It is often too difficult to ensure that your hard-earned cash is being invested with the best of intentions. Complex legal requirements mean that it can often be hard to find out exactly where all your money is going. Even if you are able to find this information it can be a difficult and time-consuming process to check that each company listed lives up to the required standards. And, even then, can an investor be sure that any particular company does not have links with another firm that may not be as clean as it might be?
Fortunately, many investment companies have reacted to this demand with the launch of a range of ethical unit trust PEPs. This type of fund has become increasingly popular. Ethical funds only invest in firms which adhere to a strict ethical code. They often spend large sums of money looking into the activities of a particular firm for fear of picking one bad apple and alienating thousands of their own investors.
The market in ethical unit trusts is becoming quite large. There are now 24 unit trusts which could be classed as ethical, compared with only 17 just one year ago. The amount of money invested in these funds has grown massively. By the end of last month there was more than pounds 1.5bn invested in ethical unit trusts, compared with under pounds 830m at the same time in 1997.
Most of the ethical funds are now available to PEP investors.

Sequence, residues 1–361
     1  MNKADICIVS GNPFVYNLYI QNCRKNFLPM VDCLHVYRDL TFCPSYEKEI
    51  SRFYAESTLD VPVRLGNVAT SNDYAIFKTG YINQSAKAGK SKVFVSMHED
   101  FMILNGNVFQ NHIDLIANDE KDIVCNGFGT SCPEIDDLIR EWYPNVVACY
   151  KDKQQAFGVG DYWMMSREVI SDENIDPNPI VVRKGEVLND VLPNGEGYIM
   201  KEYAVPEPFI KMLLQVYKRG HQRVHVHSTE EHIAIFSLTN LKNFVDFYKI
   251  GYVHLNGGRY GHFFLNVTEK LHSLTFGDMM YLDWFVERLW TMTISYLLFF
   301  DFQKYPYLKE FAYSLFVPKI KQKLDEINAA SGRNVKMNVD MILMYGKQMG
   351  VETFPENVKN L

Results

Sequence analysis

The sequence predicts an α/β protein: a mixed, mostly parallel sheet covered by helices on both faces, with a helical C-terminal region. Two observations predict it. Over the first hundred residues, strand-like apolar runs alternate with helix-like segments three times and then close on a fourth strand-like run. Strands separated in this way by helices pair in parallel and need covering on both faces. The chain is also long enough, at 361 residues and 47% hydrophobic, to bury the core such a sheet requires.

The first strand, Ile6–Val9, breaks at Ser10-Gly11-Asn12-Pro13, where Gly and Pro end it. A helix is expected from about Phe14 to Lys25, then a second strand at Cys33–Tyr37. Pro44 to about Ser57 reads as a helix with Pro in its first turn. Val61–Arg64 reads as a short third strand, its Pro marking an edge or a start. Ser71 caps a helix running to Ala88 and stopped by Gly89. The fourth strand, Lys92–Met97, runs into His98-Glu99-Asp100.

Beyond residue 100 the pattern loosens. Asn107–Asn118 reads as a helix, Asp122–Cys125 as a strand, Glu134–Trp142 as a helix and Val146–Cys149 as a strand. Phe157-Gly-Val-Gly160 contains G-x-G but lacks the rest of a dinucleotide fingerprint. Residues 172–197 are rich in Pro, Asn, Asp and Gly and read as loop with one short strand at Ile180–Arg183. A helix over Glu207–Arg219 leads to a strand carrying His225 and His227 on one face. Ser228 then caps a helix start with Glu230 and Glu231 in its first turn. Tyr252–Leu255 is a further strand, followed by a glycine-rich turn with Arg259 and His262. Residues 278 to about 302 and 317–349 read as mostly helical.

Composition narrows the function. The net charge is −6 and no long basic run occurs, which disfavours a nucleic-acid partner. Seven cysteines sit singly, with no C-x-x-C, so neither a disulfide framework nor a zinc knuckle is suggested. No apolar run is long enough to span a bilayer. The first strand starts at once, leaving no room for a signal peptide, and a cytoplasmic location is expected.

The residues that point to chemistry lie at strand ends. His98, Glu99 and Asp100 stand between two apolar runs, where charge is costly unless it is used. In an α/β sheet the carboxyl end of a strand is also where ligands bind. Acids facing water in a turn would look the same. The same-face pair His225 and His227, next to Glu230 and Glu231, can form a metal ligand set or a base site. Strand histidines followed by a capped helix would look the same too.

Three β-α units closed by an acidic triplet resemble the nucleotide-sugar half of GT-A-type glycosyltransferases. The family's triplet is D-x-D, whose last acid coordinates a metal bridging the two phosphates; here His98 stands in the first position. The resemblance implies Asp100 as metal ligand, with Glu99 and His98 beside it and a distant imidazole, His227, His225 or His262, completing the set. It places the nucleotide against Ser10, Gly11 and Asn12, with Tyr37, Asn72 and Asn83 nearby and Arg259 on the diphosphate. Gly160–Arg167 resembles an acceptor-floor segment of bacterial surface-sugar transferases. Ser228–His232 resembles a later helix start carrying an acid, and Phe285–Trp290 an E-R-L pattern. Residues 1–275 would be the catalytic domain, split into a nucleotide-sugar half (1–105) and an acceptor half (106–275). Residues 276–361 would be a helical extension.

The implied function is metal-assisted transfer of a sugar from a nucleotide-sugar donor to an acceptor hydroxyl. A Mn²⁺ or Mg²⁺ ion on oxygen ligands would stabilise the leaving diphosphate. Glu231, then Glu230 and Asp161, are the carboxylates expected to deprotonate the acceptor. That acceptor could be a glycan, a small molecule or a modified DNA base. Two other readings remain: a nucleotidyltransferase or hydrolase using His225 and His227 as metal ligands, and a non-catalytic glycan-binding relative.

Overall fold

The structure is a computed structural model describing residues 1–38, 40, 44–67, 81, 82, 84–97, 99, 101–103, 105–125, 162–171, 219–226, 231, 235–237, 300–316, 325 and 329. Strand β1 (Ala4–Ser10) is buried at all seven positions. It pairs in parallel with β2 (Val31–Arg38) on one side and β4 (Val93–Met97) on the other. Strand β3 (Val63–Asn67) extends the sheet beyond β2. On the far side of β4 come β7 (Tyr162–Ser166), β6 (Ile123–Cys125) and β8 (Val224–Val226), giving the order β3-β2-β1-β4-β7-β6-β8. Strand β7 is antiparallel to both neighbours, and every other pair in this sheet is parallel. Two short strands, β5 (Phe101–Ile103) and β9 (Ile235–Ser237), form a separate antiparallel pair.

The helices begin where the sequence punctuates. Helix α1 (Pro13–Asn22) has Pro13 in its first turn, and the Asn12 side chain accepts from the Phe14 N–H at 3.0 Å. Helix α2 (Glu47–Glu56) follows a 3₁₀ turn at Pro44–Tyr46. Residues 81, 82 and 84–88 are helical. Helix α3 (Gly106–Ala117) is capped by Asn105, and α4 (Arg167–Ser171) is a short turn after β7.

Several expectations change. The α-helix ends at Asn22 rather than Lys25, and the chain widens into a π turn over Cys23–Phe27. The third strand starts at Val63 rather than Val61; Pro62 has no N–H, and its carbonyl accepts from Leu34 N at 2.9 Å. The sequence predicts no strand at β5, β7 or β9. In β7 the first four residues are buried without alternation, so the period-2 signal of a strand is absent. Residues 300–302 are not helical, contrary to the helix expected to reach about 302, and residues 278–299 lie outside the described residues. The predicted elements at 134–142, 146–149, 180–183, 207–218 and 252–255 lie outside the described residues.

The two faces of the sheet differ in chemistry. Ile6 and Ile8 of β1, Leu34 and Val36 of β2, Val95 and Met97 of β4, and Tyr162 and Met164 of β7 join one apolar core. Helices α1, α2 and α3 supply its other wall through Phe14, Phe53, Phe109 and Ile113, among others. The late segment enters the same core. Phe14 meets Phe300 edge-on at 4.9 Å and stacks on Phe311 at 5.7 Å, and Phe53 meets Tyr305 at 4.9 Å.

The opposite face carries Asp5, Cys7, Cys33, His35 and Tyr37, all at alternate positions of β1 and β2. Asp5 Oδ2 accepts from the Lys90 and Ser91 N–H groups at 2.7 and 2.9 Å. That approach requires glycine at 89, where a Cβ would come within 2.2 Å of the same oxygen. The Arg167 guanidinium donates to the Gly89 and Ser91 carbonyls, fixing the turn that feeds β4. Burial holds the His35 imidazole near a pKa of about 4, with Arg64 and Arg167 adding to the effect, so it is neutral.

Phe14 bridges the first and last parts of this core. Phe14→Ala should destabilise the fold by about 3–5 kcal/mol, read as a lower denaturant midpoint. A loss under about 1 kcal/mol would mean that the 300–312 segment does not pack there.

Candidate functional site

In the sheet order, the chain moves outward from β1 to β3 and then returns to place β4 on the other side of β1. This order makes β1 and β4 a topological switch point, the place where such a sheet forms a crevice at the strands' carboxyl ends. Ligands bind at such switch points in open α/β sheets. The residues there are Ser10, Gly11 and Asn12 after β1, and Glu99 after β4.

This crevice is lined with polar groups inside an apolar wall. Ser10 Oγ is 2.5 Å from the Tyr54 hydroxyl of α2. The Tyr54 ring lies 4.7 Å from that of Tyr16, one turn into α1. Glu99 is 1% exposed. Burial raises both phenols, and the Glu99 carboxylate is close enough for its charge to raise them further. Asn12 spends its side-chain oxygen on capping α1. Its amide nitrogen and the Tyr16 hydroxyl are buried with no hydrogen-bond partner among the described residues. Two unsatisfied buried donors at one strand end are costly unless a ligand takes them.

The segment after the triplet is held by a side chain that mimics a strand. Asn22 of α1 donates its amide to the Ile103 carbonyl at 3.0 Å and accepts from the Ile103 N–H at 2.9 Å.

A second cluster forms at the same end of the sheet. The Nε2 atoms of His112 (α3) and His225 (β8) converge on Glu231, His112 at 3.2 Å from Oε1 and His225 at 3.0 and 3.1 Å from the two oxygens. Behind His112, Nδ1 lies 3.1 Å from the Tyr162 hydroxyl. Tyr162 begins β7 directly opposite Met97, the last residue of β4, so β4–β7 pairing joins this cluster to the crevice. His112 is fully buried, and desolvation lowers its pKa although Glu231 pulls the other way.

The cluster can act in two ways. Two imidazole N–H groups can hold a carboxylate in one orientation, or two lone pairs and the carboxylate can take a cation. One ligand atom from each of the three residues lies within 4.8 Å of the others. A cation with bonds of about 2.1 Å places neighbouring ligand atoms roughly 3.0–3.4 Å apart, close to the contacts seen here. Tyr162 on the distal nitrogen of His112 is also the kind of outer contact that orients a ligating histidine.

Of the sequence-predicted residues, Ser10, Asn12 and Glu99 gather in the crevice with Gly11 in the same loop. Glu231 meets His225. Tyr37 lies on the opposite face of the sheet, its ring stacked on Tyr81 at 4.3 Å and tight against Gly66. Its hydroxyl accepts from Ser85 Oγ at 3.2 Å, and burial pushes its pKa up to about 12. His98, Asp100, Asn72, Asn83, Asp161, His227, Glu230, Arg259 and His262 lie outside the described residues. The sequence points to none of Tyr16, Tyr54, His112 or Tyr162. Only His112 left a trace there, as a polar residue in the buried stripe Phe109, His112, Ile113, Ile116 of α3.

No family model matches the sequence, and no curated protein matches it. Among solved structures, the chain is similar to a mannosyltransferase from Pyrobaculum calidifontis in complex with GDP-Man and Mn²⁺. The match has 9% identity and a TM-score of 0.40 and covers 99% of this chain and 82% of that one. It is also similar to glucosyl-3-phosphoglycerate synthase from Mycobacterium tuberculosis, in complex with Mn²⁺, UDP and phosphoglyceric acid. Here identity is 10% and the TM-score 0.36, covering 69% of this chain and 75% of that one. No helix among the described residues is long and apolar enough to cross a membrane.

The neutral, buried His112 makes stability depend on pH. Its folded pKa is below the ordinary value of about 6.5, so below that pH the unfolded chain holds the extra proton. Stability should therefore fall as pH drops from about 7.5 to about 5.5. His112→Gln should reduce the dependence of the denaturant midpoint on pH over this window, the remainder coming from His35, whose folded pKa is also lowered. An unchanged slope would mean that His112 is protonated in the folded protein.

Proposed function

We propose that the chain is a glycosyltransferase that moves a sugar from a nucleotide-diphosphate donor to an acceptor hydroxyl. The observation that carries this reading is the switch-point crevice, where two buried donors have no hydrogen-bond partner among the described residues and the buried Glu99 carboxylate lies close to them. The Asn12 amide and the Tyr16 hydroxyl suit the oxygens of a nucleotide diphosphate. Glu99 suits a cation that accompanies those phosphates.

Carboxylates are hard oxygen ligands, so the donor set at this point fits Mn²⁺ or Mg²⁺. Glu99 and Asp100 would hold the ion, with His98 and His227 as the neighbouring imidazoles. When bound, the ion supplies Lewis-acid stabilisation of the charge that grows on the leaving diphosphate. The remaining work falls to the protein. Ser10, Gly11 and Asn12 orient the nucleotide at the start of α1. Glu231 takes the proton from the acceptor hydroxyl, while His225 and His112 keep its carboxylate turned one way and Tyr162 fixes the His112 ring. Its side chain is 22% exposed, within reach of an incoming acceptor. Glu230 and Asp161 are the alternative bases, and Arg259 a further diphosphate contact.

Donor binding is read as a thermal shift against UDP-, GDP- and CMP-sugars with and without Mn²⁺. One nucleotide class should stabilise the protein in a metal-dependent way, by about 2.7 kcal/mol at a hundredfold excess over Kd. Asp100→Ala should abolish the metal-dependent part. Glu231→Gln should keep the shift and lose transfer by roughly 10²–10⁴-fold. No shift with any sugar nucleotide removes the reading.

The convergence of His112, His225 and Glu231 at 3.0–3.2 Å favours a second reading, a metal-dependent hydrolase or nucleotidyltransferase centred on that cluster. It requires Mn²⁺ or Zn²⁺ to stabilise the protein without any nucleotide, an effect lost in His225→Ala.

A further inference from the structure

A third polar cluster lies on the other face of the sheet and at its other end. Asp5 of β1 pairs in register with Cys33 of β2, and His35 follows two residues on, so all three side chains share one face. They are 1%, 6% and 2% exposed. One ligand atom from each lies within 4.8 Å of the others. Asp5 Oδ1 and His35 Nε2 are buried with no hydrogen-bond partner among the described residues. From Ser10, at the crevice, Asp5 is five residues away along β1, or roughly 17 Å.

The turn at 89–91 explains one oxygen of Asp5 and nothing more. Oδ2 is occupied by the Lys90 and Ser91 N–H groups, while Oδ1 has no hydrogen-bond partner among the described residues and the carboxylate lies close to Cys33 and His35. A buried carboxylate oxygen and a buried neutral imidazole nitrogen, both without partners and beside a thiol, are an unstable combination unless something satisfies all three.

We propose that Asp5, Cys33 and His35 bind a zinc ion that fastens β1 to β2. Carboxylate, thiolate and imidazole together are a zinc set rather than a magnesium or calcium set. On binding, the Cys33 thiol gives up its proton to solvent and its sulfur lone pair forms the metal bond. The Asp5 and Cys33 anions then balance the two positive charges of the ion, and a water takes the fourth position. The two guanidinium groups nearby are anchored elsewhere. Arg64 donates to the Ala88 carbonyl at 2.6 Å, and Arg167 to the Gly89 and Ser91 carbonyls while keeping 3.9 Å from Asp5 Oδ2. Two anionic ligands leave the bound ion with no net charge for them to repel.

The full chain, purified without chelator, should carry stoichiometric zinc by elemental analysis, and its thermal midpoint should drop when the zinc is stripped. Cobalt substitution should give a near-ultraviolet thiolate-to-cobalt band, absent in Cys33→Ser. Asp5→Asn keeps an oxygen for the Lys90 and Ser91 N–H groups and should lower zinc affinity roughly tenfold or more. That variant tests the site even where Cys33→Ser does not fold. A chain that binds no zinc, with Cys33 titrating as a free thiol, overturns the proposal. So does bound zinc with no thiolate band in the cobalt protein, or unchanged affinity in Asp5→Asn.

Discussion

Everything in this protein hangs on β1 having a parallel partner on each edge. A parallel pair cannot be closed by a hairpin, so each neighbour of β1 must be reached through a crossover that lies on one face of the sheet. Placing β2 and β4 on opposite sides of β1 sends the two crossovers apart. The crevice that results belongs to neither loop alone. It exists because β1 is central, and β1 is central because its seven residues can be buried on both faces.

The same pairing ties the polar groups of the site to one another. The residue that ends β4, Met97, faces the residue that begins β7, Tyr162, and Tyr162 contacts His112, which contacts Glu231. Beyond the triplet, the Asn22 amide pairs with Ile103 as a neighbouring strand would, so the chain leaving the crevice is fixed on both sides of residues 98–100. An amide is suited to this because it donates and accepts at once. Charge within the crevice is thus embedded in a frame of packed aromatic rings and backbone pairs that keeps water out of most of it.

Providers that offer ethical PEPs include such household names as Equitable Life, NPI, Scottish Equitable, Standard Life and Friends Provident. The latter's Stewardship fund is far and away the market leader, with over pounds 440m under management. The Environ unit trust, run by Co-operative Insurance Services, is the only other unit trust with more than pounds 100m of investments.
The ethical funds currently available come in a number of different forms. Some, such as the Stewardship fund, refuse to invest in anything it considers to be unethical while others, such as the Jupiter ecology fund, have a particular focus.
There is also some variation as to how strict a fund's ethical rules are. If you are thinking about investing in such a unit trust, be sure to ask what its exact ethical criteria are to avoid any unpleasant surprises later on. If you are still unsure, the Ethical Investment Research Service (Eiris), a charitable organisation, provides a detailed guide on each of the different funds called Money and Ethics.
The best news is that being ethical does not involve sacrificing performance. For example, over the five years to the beginning of March 1998, the best performing fund, Framlington Health, (while not strictly an ethical fund) recorded a 152 per cent increase in its value. So an investment of pounds 1,000 in that fund in March 1993 would now be worth more than pounds 2,500. This compares with just over pounds 2,250 for the FTSE All Share index and just pounds 1,790 for the average UK unit trust over the same period. Seven of the 17 ethical unit trusts which have been going for five years or more have outperformed the average for all unit trusts.
So if you are considering investing some money but your conscience is stopping you, think again. There may be a way of making your money work for you without investing in armaments, tobacco or environmentally harmful products and services. Invest ethically and you can avoid having sleepless nights worrying about what harm you investment may be doing.
Tony Bonsignore writes for 'Financial Adviser'.
Contact Eiris on 0171-735 1351 for details of its guide.
'The Independent' has also produced a free 'Guide to Ethical Finances', written by Nic Cicutti, this paper's personal finance editor. The guide, sponsored by Friends Provident, explains every aspect of ethical investment, including PEPs. Call 0800 214487, or fill in the coupon on page 9.Reuse content